While the proportion of female architects employed in the UK by AJ100 companies is slightly lower among mid-sized practices, the proportion of BAME architects in the UK tends to increase with size of the practice.
RIBA director of practice Lucy Carmichael is hopeful of further progress. ‘We’re not seeing any significant improvements in the data yet,’ she says, ‘but there has definitely been a general cultural shift towards greater integration of diversity and inclusion in practice. Certain external factors such as gender pay gap reporting have sharpened practices’ focus on the need to take proactive action to address these issues, and to have policies in place rather than just meaning well.
‘I’m optimistic, but the profession can’t rest on its laurels. Waiting for the pipeline of younger women architects to progress through to senior levels in practice will take too long. But there are ways of accelerating change such as returner programmes for experienced women who have left the profession; proactively developing talented young women in practice; and putting measures in place to retain them when they start families – including offering flexible working and providing a positive workplace culture.’
Retention of women within the profession remains the big issue, according to Alice Brownfield, co-chair of the recently formed Part W, an action group concerning women in the built environment. She calls for governing bodies to assist in data-capturing to identify where women are dropping out of the profession and to benchmark gender equality best practice.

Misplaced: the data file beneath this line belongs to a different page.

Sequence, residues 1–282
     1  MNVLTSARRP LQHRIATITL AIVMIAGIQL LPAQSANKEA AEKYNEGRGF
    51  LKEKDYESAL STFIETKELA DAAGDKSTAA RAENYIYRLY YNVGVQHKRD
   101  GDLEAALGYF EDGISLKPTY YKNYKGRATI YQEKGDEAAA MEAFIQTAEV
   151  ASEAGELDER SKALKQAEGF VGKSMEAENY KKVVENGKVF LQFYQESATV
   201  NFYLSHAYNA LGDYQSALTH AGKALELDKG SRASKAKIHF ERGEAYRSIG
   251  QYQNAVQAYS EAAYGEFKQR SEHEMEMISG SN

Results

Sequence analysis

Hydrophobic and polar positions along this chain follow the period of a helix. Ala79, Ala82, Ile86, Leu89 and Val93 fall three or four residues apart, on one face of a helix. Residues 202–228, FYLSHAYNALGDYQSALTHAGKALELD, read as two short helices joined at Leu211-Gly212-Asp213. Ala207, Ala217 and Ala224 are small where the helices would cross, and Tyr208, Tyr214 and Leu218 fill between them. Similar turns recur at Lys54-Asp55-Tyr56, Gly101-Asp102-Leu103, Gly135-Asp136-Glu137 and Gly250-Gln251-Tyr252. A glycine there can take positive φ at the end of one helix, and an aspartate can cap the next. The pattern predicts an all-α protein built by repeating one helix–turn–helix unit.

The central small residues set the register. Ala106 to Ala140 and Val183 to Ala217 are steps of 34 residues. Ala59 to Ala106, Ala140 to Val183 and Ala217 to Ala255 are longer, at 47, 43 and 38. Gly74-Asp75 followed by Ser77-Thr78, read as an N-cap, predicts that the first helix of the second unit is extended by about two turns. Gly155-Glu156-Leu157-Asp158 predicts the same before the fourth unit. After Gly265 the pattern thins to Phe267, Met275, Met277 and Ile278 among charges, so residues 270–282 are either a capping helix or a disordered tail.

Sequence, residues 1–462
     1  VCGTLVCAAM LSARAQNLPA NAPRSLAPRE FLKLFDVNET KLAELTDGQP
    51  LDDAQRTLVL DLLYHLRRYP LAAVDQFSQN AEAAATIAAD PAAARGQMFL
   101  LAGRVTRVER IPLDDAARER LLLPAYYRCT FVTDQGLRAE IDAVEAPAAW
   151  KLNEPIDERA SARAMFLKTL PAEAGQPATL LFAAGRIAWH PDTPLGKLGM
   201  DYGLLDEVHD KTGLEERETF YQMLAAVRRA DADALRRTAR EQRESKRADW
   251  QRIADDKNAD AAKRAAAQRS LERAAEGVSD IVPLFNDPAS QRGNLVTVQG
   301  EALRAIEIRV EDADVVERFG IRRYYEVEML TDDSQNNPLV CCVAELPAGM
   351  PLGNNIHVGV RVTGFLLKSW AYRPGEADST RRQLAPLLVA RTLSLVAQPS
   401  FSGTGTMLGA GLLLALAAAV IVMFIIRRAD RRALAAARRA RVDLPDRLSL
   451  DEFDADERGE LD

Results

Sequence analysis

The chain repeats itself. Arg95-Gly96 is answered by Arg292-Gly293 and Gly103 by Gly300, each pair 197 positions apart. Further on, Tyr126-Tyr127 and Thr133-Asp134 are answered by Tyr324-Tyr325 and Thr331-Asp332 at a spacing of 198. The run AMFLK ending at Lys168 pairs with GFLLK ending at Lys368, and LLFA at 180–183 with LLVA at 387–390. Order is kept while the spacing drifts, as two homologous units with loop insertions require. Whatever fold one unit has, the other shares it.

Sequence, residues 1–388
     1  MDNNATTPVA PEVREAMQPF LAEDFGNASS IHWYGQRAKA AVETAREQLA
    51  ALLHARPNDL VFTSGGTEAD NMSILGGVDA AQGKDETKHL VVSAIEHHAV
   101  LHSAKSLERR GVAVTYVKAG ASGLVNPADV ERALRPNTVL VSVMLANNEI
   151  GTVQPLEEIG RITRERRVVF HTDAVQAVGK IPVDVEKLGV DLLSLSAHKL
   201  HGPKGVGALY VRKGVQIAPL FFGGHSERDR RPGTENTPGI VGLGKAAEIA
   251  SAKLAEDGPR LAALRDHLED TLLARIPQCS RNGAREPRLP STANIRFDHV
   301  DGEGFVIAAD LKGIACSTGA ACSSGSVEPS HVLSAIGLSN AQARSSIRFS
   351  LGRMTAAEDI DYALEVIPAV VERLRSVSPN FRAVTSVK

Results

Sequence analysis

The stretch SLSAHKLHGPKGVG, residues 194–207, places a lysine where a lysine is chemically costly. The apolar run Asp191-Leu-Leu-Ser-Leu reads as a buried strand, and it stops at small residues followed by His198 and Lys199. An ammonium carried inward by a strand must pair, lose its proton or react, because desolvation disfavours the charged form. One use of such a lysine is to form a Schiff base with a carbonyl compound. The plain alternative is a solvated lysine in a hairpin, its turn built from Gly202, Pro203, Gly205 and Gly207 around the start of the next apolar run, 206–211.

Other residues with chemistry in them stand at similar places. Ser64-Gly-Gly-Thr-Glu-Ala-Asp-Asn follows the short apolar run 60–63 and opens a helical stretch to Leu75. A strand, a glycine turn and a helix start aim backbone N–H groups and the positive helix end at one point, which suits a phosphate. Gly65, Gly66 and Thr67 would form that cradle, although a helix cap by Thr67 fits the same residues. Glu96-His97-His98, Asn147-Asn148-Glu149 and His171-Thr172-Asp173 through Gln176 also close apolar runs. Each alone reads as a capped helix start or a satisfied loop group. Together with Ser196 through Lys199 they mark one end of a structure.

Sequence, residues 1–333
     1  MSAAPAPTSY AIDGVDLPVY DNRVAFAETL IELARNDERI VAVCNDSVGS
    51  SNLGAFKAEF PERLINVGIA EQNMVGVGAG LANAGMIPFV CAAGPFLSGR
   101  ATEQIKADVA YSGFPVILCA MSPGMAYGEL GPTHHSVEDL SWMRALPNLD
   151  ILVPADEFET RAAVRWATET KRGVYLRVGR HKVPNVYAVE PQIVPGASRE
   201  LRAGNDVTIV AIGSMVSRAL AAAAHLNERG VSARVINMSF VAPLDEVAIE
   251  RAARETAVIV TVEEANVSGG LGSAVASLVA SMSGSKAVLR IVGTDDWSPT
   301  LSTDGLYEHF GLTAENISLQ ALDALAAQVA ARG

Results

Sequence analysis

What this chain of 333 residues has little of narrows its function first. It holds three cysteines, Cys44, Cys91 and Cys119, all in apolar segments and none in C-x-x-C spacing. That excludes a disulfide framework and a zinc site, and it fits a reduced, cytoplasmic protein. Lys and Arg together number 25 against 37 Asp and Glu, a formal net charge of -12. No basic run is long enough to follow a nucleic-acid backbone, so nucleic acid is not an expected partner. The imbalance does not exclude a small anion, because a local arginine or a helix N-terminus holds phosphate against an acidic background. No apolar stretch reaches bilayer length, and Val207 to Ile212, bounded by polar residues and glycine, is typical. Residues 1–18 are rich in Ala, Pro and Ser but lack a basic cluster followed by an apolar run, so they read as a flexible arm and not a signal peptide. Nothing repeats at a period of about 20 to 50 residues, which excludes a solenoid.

In the case of architecture, this may mean exploring revisions to the RIBA Charter. Part W is keen for all genders to engage on this aspect of diversity. ‘It’s important it’s not seen as just a women’s issue,’ says Brownfield. ‘We need men to be actively involved in this. What’s better for women is better for everyone.’ She adds that this includes promoting fulfilling part-time work. ‘We need to be positive and celebrate good examples of how that can be done,’ she says.
The proportion of women architects tends to be highest in the London-only practices and lowest in practices without a London office. This pattern is even more marked for BAME architects, although there are exceptions in both directions. Overall, there is little correlation between the proportion of women architects and the proportion of BAME architects, indicating that the two do not necessarily go hand in hand.